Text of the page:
While osteoarthritis may be something most people associate with getting older, new research has suggested that ageing may not actually be the main cause of this painful type of arthritis. What is, however, is still a bit of a mystery.
As many as 2.2 million Australians and one in five American adults are living with the condition, but a recent report published in Harvard Magazine has suggested that osteoarthritis develops as a result of activity, or lack thereof, and not old age.
Researchers Ian Wallace and Daniel Lieberman travelled across the US to examine human skeletons collected over many years to figure out if osteoarthritis had always been as common in older people, or if it’s a more recent phenomenon. The condition, which causes pain and stiffness in the knees, neck, back, hips and joints, usually occurs when cartilage around the joints begins to wear away, causing bones to rub together.
Using a process known as paleo-epidemiology, the researchers were able to accurately determines which skeletons showed signs of osteoarthritis (the bones give off a unique polished look in the later stages of the condition). They were then able to compare their data on the incidence of osteoarthritis in older skeletons with modern findings. What they discovered was that cases of osteoarthritis had more than doubled since the second World War.
They concluded that the only way such change could occur so quickly was due to environmental factors. While being overweight could also increase a person’s chance of developing osteoarthritis, it alone doesn’t explain the increased incidence of the condition in recent years.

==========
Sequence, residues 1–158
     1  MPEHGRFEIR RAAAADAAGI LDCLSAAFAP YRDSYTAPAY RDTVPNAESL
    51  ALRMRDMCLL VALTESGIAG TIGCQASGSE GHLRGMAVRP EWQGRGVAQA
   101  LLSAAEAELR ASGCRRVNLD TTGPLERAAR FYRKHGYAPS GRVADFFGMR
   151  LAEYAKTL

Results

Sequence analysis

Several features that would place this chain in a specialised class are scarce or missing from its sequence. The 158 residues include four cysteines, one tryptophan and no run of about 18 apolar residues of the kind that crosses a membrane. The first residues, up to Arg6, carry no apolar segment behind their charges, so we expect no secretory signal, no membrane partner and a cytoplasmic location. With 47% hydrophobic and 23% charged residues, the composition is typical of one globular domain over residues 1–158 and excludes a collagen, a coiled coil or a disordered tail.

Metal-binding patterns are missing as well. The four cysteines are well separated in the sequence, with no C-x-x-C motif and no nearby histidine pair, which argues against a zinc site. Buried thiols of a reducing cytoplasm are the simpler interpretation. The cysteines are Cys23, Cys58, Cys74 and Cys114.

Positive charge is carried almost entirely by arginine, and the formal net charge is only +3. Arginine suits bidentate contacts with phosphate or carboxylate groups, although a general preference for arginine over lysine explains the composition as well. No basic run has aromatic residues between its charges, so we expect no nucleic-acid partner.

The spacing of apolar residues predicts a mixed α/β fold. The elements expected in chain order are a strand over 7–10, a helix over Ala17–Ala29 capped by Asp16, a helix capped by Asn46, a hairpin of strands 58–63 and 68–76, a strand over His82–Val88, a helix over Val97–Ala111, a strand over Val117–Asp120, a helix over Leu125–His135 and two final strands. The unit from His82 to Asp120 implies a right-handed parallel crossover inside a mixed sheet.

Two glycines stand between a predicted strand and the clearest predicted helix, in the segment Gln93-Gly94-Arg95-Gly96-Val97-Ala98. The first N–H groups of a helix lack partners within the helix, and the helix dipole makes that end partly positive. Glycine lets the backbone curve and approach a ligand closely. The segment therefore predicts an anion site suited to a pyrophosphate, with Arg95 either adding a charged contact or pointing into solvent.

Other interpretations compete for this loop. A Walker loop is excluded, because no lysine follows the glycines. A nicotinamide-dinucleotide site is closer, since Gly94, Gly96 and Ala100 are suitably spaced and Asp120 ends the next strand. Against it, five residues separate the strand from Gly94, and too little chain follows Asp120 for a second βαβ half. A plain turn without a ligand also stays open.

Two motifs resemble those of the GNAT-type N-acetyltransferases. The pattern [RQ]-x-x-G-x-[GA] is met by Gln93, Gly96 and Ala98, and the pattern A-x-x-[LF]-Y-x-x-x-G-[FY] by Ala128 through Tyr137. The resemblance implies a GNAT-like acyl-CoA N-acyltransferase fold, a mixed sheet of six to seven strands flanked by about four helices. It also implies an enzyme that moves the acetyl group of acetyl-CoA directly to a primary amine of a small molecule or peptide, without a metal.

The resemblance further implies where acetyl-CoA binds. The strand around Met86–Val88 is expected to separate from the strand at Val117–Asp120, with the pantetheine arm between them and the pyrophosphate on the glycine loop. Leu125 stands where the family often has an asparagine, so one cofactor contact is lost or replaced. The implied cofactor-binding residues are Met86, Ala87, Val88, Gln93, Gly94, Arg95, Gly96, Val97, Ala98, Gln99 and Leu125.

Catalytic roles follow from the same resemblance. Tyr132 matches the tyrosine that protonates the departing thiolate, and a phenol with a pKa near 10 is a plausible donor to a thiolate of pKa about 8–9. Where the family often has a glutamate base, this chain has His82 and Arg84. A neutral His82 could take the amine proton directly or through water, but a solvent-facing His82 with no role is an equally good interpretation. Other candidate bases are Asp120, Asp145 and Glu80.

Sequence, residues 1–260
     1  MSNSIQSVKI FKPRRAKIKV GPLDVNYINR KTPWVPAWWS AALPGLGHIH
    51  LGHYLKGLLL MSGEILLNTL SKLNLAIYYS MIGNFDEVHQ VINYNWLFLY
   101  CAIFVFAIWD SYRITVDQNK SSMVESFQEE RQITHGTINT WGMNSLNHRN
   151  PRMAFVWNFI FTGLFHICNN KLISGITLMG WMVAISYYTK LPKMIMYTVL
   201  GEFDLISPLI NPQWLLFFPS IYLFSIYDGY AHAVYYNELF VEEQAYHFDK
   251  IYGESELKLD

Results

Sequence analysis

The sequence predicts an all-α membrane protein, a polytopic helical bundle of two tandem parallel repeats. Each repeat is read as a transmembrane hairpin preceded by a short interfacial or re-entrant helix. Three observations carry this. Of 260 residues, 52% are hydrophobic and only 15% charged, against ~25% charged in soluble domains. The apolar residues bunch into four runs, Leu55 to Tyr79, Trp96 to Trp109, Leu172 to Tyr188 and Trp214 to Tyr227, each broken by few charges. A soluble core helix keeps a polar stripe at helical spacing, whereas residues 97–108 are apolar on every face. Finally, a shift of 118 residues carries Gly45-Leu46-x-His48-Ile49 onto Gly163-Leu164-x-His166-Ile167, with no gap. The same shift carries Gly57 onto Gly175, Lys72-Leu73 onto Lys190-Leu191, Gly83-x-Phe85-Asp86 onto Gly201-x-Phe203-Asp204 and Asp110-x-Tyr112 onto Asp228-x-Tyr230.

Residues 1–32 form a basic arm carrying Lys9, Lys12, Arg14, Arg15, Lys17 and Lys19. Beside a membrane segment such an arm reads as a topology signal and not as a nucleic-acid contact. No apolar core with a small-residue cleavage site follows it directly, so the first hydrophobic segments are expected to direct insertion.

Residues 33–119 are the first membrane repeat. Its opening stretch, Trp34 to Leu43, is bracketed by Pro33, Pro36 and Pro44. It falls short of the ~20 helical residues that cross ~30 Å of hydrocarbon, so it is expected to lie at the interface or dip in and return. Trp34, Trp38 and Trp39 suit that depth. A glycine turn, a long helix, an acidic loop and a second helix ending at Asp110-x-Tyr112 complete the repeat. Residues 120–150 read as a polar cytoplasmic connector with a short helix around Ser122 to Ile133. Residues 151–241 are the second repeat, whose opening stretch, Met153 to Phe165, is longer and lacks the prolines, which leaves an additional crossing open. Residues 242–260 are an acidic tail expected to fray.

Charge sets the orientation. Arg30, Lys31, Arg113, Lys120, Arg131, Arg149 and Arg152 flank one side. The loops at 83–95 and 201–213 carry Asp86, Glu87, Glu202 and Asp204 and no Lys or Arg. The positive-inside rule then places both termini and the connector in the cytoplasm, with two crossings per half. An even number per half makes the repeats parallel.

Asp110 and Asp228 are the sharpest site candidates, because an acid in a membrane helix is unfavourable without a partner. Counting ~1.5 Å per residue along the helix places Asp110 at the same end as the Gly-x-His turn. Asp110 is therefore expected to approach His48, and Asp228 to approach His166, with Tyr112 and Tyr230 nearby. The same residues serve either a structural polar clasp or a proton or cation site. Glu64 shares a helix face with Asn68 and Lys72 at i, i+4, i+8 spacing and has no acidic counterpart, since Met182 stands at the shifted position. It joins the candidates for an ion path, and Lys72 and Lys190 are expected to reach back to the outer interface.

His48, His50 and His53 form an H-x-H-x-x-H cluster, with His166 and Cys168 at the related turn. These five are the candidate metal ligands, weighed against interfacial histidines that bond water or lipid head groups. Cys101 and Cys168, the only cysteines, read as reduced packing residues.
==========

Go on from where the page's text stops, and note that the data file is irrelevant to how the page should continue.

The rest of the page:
What they found is that osteoarthritis levels only spiked dramatically after World War II, suggesting that a rise in less-physical jobs could be a contributing factor. Before that time, more people worked more on their feet and rates of osteoarthritis didn’t increase for centuries.
Furthermore, people in modern times are more likely to develop the condition in both knees, while historical cases of osteoarthritis were usually limited to one.
The researchers are currently trying to figure out the specific reason behind the spike and why people living with osteoarthritis are experiencing it differently from those who had it in the past. They acknowledge that physical activity and exercise is known to increase cartilage in the joints, which does go against a lot of current research that suggests wear and tear on the cartilage over a lifetime is to blame for causing the condition.
“We’re looking at osteoarthrosis as a mismatched disease,” Wallace explained to Harvard Magazine. “And trying to figure out how an evolutionary perspective leads to different hypotheses than would a purely clinical perspective.”